Decades of frustration and disappointment preceded qualification for EURO 2016, and it was the hurt and pain of previous campaigns that made the success of finally reaching the finals in France all the sweeter. It was an achievement that generations of Cymru fans had dreamed of experiencing, and it had finally become a reality.
The success continued as Chris Coleman's side defied the odds to reach the semi-finals in France. The defeat to Portugal in Lyon brought a different type of tear to the eye, but the agony of being so close yet so far quickly subsided as the magnitude of what Cymru had achieved replaced the pain with a clear sense of pride.
Just as John Charles had missed the 1958 World Cup quarter-final against Brazil through injury, the influential duo of Aaron Ramsey and Ben Davies would miss the semi-final in 2016 through suspension. Two different generations but two similar stories of just what might have been. Brazil and Portugal would both go on to win the respective tournaments.
Qualifying for EURO 2020 brought similar scenes of celebration as Aaron Ramsey scored both goals in the decisive victory over Hungary in Cardiff back in November 2019. The pandemic changed the timing and the dynamic of the finals, and the restrictions made for a very different experience to five years before.
However, Rob Page and his side produced when it mattered, defying logistical adversity to take four points from the opening two games against Switzerland and Turkey in Baku to finish runners-up behind group winners Italy, despite a 1-0 defeat in the final game in Rome.
Heading to Amsterdam to face Denmark would prove to be one challenge too many, and while the 4-0 defeat brought this particular chapter to an end, the story continues for this young and talented generation of players. They will learn from the experience, and what they take from the positives and negatives will serve them well in the next campaign.
Reflecting on EURO 2016 in the build-up to EURO 2020 was inevitable, and while it added a weight of expectation, it also acted as an inspiration. Some say that we should move on from the past, but what that side achieved in France will mature like a fine wine, and the difficulty of the latest tournament only serves to emphasis just how impressive that success was.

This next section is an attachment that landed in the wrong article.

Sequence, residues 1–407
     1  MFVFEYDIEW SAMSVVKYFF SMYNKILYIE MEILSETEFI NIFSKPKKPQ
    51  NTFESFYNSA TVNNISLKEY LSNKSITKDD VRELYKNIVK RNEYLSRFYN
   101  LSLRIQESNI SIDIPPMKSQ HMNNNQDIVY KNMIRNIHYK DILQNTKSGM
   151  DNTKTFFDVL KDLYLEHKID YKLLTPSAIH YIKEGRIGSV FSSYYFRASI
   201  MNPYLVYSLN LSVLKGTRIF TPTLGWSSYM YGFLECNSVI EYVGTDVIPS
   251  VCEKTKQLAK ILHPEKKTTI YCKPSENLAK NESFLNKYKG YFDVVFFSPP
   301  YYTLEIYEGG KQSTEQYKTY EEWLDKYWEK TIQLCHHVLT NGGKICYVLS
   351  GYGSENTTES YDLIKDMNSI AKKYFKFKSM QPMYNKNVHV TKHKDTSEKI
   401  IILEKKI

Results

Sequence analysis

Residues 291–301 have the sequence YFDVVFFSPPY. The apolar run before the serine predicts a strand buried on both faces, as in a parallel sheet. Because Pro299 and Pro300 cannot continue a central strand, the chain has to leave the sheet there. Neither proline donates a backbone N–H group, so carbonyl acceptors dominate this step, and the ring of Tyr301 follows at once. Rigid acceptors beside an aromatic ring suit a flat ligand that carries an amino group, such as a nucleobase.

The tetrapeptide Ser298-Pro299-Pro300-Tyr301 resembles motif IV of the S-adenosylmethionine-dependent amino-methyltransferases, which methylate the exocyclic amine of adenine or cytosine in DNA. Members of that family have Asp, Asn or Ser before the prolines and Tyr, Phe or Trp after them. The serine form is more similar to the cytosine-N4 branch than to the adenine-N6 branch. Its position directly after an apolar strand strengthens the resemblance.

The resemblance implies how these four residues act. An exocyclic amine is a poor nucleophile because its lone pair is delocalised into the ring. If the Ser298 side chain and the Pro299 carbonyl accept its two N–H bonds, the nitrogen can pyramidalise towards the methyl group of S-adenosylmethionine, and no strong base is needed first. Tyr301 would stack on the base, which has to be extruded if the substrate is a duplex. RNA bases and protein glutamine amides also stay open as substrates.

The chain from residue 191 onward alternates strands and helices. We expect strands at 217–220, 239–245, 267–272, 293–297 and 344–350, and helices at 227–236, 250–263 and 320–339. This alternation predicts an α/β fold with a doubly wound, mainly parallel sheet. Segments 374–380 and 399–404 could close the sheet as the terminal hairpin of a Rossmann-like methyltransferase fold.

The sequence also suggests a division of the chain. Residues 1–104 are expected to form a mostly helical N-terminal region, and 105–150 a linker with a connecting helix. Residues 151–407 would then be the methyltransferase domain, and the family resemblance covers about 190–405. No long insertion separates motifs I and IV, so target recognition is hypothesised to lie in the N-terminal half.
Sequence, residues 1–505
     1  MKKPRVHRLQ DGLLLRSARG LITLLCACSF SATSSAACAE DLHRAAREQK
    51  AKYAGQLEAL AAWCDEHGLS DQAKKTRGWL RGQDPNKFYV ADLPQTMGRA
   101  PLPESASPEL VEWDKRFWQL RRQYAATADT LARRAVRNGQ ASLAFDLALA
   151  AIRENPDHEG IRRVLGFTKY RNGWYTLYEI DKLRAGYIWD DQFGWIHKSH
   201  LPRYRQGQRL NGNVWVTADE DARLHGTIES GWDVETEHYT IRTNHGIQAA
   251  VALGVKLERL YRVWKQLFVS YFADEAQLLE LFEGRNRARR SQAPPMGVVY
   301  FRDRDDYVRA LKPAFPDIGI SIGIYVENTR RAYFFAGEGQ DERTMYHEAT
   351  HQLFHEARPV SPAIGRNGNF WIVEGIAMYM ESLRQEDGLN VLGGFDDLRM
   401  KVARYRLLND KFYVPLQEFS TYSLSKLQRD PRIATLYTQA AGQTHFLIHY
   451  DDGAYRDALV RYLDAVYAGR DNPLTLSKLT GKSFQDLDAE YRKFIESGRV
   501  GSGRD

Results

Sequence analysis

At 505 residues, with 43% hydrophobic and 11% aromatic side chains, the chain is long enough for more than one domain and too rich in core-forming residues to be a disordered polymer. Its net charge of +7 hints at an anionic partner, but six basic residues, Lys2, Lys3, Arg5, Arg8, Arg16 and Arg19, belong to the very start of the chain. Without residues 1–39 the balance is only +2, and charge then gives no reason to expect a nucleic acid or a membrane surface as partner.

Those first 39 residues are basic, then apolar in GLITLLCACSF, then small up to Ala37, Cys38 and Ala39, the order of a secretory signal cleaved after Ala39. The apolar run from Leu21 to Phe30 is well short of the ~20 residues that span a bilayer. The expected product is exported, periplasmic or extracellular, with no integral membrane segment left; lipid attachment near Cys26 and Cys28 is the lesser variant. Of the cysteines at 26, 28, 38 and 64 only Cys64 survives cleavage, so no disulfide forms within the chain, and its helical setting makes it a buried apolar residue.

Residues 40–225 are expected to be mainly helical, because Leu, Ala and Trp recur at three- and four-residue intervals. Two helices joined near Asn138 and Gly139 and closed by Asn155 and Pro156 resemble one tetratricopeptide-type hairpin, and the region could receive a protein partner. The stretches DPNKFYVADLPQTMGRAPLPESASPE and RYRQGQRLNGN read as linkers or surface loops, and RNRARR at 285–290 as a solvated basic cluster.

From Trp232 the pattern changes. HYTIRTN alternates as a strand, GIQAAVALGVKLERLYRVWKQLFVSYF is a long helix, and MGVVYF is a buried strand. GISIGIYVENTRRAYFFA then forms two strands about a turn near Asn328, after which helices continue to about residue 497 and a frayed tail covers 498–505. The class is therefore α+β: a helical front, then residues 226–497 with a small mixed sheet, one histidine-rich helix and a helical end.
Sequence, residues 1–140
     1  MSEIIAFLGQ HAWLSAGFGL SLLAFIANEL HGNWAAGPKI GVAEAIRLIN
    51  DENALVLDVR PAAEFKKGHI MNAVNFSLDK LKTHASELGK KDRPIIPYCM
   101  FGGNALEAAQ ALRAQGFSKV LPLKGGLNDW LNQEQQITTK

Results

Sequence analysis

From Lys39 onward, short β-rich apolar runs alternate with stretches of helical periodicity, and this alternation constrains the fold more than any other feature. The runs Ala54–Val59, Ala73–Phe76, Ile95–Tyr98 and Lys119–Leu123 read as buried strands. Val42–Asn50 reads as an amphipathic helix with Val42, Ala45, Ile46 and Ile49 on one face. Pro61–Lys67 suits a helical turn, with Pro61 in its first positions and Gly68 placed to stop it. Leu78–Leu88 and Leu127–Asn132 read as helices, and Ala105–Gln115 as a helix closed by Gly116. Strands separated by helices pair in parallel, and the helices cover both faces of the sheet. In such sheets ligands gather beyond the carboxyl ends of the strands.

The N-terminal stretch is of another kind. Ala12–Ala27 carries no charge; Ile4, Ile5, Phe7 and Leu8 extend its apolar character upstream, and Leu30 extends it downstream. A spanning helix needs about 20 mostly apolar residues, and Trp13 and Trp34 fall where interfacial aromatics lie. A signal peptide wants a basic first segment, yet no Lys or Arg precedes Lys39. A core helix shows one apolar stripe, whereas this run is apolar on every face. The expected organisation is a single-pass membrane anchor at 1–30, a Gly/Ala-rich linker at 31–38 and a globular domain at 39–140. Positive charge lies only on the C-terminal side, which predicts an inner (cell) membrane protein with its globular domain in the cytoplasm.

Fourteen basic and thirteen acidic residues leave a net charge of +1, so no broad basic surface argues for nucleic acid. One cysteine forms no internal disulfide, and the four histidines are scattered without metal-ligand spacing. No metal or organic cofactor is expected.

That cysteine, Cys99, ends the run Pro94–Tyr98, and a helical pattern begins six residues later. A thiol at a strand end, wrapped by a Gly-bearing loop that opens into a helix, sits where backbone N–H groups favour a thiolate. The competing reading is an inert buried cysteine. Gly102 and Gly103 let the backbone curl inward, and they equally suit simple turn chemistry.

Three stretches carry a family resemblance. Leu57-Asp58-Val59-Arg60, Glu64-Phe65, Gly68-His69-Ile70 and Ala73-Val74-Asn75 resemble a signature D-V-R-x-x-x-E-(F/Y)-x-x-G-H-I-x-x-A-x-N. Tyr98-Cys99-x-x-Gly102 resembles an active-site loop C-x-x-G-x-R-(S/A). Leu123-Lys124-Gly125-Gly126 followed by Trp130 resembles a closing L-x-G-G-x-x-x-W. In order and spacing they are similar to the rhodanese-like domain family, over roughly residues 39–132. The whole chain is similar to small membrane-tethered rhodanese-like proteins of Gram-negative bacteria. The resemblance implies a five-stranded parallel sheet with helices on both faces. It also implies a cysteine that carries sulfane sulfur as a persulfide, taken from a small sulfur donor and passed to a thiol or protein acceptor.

Just as what Jimmy Murphy and his side achieved in 1958, both EURO tournaments should be remembered positively in the history of our national team. EURO 2016 was the culmination of a generation reaching their peak at the perfect time, but EURO 2020 will be remembered as a pivotal point in the development of the current squad that will be appreciated more with future success.
And it's that future that we must now focus upon as the 2022 World Cup qualifying campaign resumes in September. Only once has Cymru graced the world stage, and while that achievement is now consigned to the annuls of history, it should not be considered any less impressive. As a small nation, we must learn to celebrate our achievements, while maintaining an ambition to succeed beyond expectation.
In each of our three major tournament appearances, we have lost to the eventual winners. Brazil, Portugal and Italy all showed respective generations the level that must be achieved to experience winning the ultimate prize in the international game. We may not yet be in a position to emulate them, but smaller nations will have been inspired by what we have already achieved.
Although it ended in frustration, EURO 2020 will have given our younger players a hunger to compete on the biggest stage again in the future. The pain and disappointment will be their inspiration now, while past success should continue to be celebrated for the part it holds in our long and proud history. The journey, of course, never ends.